Researchers from the University of Exeter have organised an exhibition of the documents at Exeter Cathedral
Rare examples of Anglo Saxon fake documents on display
Rare Anglo Saxon documents which show a Bishop hoped unconvincing forgeries might protect his property during the instability of the Norman Conquests can be seen by the public.
The founders of Exeter Cathedral produced the charters when they realised they had no evidence nearby lands belonged to them, but they bear no resemblance to the real thing.
The documents, unique because most forgeries from the period haven’t survived, were produced by the office of the first Bishop of Exeter in the 1060s, shortly before the Norman Conquest. They claimed King Æthelstan of England, who reigned from 924 to 939, had granted the church multiple pieces of land along the Exe valley.
Researchers from the University of Exeter have organised an exhibition of the documents at Exeter Cathedral. They believe canons acting on behalf of the Bishop may have panicked when they found documents missing, and making forgeries was the easiest way to solve the problem. By the 11th century England had become more literate, and bureaucratic, so documentation had become more important. There is no record if Æthelstan did actually give the lands cited in the charters to the church.
Dr Jennie England, a member of the research team who organised the exhibition, said: “These fakes can show us more truth about the period than genuine documents. They tell us little about the reign of Æthelstan, but they do provide a fascinating snapshot into the concerns of the eleventh-century cathedral community and its leader, Bishop Leofric.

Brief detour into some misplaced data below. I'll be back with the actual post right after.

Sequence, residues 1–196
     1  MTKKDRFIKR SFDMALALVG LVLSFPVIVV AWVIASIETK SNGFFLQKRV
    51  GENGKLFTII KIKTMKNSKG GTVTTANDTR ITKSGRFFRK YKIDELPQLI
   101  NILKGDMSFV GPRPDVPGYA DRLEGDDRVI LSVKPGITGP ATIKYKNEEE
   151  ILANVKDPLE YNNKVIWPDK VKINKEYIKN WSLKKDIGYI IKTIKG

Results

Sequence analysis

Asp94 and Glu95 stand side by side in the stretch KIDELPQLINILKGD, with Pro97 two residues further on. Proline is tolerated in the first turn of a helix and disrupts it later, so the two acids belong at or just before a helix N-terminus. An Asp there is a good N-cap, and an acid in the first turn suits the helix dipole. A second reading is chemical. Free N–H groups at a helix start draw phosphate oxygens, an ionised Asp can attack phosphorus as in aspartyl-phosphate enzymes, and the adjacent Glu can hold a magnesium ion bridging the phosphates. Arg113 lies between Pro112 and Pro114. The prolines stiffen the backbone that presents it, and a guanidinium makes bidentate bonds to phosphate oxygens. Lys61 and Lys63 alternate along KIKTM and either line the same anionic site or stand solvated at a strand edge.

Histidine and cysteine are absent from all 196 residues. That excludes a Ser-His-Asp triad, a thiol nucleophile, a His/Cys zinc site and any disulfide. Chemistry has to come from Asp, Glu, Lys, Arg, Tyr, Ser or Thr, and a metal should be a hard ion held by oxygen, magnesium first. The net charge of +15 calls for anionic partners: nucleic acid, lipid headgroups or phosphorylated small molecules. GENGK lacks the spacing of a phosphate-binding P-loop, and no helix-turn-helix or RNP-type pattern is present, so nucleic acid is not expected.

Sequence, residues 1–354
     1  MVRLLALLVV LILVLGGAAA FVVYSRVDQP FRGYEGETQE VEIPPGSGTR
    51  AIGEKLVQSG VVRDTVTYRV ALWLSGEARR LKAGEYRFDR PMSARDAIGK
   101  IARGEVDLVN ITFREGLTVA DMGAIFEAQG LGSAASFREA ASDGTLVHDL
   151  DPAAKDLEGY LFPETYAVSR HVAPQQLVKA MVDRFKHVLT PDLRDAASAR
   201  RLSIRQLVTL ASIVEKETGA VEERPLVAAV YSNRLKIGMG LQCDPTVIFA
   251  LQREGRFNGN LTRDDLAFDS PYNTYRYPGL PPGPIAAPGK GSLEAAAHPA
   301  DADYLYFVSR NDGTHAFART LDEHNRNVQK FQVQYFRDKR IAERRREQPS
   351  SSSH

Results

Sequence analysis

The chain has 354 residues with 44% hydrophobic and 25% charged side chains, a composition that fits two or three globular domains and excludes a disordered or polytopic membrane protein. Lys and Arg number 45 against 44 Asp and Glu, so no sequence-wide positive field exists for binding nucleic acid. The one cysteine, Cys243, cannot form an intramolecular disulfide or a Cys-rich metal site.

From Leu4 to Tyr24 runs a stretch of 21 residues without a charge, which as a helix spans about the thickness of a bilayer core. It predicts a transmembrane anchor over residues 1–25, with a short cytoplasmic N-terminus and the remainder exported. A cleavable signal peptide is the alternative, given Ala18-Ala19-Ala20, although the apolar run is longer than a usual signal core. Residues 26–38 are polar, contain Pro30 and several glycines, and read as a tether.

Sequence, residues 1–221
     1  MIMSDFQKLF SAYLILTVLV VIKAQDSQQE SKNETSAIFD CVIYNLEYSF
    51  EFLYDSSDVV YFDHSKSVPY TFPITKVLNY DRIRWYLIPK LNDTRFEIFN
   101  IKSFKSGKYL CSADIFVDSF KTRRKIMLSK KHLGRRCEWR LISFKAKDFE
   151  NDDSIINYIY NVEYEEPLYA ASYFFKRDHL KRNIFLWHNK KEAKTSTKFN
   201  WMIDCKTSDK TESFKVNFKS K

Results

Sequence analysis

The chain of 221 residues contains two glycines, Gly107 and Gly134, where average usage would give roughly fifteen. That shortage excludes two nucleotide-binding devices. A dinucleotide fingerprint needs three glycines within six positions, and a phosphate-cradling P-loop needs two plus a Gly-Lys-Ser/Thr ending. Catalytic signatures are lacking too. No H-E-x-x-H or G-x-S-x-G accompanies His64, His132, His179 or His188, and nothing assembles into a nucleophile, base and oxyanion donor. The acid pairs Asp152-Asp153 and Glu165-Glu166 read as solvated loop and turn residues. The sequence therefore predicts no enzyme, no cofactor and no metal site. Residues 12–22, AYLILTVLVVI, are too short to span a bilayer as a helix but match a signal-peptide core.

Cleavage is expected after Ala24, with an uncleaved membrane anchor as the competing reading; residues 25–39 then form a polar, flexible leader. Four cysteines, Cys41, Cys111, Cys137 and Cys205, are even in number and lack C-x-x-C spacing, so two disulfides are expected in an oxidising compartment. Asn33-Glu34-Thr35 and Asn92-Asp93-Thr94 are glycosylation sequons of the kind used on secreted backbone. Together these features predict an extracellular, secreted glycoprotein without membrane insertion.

“I believe the founders of Exeter Cathedral were proud of their history, and trying to produce solid foundations for the future.”
Dr Levi Roach, who is leading a project on medieval forged documents across Europe, said: “This was a time of upheaval, Exeter Cathedral had been created from two other Bishoprics in Devon and Cornwall. Obviously the new cathedral inherited documents related to ownership of land and property, but perhaps there were gaps, and it was easier to create forgeries than apply for new charters. The canons may not have wanted to create questions over the legitimacy of the property.
“Whereas Anglo Saxon kings may have let Bishops get away without not having the right documentation sometimes, the first Bishop of Exeter may have felt this was no longer the case during this time of extreme social change in society and politics. He may have felt it was wise to protect his rights.”
The charters are produced in portrait form, not landscape which was the norm during King Æthelstan’s reign. They are also physically smaller and the style of the handwriting didn’t become the norm until the 960s. Whoever forged the documents made no attempt to make them look genuine, probably because they had never seen a real charter from the period. They would have gambled that nobody would ask to see it, or those who did would not have seen a genuine charter from the time either.
King Æthelstan did visit the South West and Exeter, and whoever produced the charters may have chosen to cite his reign because he was seen as a foundational figure in the city. Cathedral staff confirmed the documents were forgeries in the 19th century.
Including the Æthelstan forgeries, Exeter Cathedral’s Library and Archives holds sixteen pre-Conquest charters – an exceptionally large number for a regional archive. Genuine charters are also on display at the exhibition, which will run until 31 May. There will be public tours on Saturday 25, Monday 27 and Tuesday 28 May, where there will a unique opportunity to see some of the Archive’s Anglo-Saxon charters up close.
Date: 24 May 2019